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This is the season for giving. Not just gifts for people we happen to be related to, or are obligated to because of work, or just plain love. It’s also about giving to people, and causes, that need us most. 2020 is a year when many of us won’t have any extra to contribute. And people who do have the ability to give often wait until the end of the year to donate. So you may find yourself in a rush to figure out how to do it. We partnered with Give—an app that vets charities so you can donate with confidence—to provide you a simple guide for finding the best possible charity for your money.
First you’ll need to figure out how much you want to give. This part is personal. 1% of your income is a good place to start. Canadians give on average 1.5%. We tend to give more as we age: 25-34 year olds donate $880 a year; 35-44 year olds, on the other hand, donate $1,340 a year. There’s no correct answer, but the right amount is somewhere between how much you want to give and how much you can afford to give.
One other tip for the future: you won’t be left crushing your contributions in at the end of the year if you set up a recurring monthly or quarterly donation. This may help you give with more intention instead of just donating whatever you’ve got left at the end of the year. Plus, recurring donations are great for charities, since it gives staff better predictability with cash flow, allowing them to plan ahead.
But even if you know the cause you want to support—the environment, cancer research, education, the unhoused—and how much you want to give, it can still be awfully hard to decide which charity to give your money to. Especially when your dollar goes further with some charities than others. Here are four specific ways to make sure the charity you’re considering is the right one.
1. Make sure the charity is legit
Sounds like a no-brainer, right? You’d be surprised. Even smart, well-intentioned people sometimes end up giving their money to organizations that aren’t what they seem. Last summer, people donated millions of dollars to the Black Lives Matter Foundation, for instance, which later turned out to be completely unrelated to the Black Lives Matter movement. To avoid a fate like this, do some basic due diligence. First, check if the charity you want to support is actually a registered charity by looking it up in the CRA charity database, Charity Intelligence (Canada), or Charity Navigator (U.S.). If you’re feeling ambitious and want to dig a little deeper, visit the charity’s website and peruse its annual report and financial statements (or have a more numbers-oriented friend do it for you) to make sure it’s actively spending its budget on the things it says it spends it on. Any legitimate and transparent charity should make this information easy to find. If it's not, that's a potential problem.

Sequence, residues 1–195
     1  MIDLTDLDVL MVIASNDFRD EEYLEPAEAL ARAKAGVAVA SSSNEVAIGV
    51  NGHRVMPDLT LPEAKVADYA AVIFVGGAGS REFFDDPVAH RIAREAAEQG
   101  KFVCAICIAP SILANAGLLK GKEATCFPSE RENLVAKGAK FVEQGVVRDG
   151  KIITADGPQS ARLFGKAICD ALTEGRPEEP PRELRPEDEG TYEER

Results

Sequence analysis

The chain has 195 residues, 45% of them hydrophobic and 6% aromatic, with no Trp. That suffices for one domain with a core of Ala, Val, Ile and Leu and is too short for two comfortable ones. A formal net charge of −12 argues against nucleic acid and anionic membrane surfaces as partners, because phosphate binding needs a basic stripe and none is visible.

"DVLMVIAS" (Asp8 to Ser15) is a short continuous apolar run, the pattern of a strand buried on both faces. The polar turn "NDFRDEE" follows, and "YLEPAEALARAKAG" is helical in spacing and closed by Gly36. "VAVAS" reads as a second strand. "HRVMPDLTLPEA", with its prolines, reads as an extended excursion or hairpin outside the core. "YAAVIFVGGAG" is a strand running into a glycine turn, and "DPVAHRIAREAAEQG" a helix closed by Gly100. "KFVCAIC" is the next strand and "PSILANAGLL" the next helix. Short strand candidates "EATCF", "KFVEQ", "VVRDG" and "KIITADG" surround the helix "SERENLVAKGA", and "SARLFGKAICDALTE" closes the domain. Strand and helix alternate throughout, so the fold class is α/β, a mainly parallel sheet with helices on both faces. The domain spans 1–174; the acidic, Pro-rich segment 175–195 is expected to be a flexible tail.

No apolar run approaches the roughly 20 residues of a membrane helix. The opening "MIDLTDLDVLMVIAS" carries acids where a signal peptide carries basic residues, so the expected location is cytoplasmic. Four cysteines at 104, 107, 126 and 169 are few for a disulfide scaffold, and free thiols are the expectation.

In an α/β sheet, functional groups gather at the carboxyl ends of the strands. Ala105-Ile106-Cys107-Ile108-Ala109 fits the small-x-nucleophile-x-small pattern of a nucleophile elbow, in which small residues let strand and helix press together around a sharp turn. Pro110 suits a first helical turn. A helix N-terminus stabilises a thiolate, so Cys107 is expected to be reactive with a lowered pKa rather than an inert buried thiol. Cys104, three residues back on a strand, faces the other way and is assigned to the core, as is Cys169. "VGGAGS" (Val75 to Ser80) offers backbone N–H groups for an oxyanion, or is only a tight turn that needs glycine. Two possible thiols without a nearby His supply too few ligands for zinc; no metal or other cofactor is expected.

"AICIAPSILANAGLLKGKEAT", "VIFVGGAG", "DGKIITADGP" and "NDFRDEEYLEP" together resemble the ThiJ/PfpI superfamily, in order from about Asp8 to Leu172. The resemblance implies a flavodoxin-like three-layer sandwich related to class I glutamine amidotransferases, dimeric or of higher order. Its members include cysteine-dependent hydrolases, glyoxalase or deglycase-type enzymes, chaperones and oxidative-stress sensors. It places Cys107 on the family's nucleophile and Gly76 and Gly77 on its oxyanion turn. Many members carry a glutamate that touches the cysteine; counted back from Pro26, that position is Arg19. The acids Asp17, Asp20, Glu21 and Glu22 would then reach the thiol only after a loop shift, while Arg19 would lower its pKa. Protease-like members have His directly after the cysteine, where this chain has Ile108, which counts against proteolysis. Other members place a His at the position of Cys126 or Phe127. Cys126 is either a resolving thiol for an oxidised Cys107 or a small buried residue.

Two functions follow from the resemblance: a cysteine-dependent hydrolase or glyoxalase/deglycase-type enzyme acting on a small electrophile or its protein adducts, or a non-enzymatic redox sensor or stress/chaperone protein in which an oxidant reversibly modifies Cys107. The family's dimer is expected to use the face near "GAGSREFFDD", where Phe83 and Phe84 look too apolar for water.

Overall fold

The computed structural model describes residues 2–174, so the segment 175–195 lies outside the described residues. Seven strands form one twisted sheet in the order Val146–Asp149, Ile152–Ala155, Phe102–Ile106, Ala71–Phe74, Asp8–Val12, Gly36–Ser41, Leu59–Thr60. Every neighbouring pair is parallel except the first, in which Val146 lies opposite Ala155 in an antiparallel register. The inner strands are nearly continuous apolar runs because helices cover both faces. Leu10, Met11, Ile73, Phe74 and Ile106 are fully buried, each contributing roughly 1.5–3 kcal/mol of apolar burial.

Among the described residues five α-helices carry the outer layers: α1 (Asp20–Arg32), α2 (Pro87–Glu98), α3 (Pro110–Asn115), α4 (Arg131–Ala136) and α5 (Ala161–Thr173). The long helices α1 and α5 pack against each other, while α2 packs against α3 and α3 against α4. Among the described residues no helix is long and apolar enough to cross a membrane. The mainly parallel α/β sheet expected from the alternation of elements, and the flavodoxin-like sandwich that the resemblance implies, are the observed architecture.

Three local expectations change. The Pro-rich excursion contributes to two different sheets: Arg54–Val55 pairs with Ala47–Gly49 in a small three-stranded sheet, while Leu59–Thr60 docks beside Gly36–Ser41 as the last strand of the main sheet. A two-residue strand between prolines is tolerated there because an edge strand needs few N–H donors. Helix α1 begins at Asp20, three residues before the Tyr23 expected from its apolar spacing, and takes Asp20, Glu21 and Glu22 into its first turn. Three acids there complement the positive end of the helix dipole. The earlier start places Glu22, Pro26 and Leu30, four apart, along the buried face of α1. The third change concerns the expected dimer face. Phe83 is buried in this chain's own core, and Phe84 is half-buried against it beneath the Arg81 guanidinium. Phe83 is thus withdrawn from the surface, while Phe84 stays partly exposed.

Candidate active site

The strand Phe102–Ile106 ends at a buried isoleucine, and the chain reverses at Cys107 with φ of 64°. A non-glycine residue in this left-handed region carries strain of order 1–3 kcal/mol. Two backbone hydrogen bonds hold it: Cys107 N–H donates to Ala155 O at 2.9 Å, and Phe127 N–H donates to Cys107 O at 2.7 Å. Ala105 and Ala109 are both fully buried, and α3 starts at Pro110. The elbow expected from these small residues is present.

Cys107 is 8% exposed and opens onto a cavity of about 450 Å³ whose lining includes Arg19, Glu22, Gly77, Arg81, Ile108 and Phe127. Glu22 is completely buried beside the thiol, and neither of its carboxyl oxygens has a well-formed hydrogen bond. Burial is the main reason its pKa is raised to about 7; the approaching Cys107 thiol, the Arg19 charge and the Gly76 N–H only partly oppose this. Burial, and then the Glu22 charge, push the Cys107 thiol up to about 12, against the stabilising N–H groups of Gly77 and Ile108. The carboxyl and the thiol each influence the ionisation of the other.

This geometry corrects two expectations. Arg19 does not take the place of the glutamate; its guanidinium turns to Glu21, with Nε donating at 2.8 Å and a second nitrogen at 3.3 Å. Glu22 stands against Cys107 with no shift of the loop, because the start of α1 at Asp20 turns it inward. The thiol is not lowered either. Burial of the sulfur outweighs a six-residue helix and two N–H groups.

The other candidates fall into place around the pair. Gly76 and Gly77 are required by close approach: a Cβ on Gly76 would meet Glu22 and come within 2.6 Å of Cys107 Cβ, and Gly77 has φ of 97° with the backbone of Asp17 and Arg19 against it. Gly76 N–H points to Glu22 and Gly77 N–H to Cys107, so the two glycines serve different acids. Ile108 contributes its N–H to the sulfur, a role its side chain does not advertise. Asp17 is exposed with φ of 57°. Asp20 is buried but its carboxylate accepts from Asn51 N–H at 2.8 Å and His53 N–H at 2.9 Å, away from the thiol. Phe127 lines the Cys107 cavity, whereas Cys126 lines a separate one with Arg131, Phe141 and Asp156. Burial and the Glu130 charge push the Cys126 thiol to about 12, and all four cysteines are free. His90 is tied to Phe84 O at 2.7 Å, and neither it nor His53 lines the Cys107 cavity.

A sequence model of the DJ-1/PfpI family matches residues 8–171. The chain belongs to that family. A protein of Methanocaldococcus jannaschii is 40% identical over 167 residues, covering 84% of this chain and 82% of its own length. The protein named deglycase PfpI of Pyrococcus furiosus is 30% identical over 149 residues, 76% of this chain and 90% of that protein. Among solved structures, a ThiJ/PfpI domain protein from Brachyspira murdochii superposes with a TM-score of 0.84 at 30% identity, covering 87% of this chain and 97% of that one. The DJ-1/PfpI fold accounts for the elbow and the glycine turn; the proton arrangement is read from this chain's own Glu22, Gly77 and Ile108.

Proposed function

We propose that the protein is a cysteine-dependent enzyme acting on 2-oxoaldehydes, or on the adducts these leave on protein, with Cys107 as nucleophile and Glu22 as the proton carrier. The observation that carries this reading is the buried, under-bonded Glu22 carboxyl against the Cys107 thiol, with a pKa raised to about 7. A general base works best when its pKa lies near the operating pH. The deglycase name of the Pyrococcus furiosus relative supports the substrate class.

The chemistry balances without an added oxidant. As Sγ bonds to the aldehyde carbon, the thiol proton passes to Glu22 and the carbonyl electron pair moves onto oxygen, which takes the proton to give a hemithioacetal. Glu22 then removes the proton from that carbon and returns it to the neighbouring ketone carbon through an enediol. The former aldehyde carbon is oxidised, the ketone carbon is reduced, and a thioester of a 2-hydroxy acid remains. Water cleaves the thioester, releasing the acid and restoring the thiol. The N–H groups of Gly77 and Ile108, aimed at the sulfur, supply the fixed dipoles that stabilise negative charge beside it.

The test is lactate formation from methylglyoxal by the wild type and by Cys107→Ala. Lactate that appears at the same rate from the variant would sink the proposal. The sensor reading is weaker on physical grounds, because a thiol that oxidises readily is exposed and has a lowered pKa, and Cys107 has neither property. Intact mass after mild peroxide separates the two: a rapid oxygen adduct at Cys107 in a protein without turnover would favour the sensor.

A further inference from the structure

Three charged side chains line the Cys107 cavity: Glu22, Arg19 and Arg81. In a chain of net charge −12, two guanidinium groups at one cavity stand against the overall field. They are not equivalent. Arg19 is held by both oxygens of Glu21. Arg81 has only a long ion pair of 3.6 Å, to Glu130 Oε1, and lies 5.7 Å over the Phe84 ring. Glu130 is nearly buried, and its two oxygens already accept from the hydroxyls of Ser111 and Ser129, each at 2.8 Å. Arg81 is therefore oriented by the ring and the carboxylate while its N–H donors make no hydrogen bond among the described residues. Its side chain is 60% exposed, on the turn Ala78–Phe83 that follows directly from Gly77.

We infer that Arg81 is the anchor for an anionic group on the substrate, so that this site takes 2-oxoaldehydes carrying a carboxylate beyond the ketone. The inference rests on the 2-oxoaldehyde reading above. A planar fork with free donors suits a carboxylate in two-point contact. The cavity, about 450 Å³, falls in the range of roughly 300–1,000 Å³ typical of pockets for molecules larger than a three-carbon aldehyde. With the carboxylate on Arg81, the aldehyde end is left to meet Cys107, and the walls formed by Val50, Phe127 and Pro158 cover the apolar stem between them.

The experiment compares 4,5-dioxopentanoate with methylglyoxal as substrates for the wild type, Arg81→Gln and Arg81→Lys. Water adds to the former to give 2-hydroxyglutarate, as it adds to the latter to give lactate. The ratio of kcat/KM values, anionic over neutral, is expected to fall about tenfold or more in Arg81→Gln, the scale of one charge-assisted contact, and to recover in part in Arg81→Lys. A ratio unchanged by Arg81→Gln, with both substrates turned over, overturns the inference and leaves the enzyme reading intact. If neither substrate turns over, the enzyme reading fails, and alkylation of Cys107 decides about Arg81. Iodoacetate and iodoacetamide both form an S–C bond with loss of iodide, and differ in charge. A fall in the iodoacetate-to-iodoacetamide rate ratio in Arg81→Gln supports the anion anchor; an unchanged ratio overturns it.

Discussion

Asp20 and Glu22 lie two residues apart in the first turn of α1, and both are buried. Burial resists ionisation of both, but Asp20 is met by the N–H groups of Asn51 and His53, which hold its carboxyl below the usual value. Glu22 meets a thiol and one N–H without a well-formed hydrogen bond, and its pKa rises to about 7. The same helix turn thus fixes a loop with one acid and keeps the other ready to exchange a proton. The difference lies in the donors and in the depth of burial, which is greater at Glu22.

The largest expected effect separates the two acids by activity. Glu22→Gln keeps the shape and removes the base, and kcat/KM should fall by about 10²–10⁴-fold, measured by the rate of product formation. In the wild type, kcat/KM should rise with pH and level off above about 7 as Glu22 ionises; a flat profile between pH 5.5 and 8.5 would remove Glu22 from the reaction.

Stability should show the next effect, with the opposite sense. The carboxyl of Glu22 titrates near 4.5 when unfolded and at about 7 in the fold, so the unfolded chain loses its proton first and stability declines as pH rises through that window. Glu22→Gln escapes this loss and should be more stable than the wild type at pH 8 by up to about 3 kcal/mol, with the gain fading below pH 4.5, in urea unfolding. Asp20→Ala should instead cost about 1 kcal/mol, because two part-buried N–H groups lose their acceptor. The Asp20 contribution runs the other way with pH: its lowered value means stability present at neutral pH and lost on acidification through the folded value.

2. Know the difference between a charity and a not-for-profit
The words "charity" and "not-for-profit" might sound interchangeable, but they have key differences. The main one is that charities are able to issue tax receipts for your donations. So if part of the reason you’re giving is to write off the donation, stick with charities. (You get a 15% federal tax credit on the first $200 you donate and a 29% credit on donations above that, and different provinces and territories give other tax credits on top of that). Charities are also better regulated because they have to be approved by the CRA. That isn’t true for not-for-profits. Generally speaking, charities are less prone to fraud than not-for-profits due to this heightened scrutiny.
3. Don’t fixate on overhead
One thing the people at Give frequently hear from folks looking for good places to donate is an emphasis—often over-emphasis—on overhead, or how much money a charity spends on keeping itself running, as opposed to accomplishing its goals. The assumption seems to be that high overhead signals a poorly run charity: They’re spending all that money just keeping the lights on? How much are they actually giving away? This obsession is both good and bad. While it's good to make sure that the majority of your donation goes towards programming, it's dangerous to equate “lower overhead” with “better charity.” According to the CRA guidelines, what’s typically considered overhead includes vital activities such as accounting, applying for grants, and holding board meetings. The absence of these critical functions and processes—not their presence—is the real warning sign.
4. Does the charity even need your money?
This might sound counterintuitive—don’t all charities need money? But like any other kind of organization, some charities are flush with money while others operate on shoestrings. Some of the best and most-worthy organizations fall in the latter category. If a charity’s financial statements show that it has enough cash on hand to cover 10 times what they spend each year, that’s a sign your donation won’t be used for some time. (The aforementioned Charity Intelligence (Canada) and Charity Navigator (U.S.) both have tools to help you evaluate a charity’s level of need). Whereas there may be another just-as-worthy and well-run organization that desperately needs your money to both keep its programs running and to pursue its good work next year.
Of course, even with all this vetting, let’s not lose sight of the basic principle of giving—that it is fundamentally good. And while the world of charitable giving can be a little confusing, there are far more good organizations than bad ones, and they all need our support. So what are you waiting for? You only have a few more days left of this tax year.
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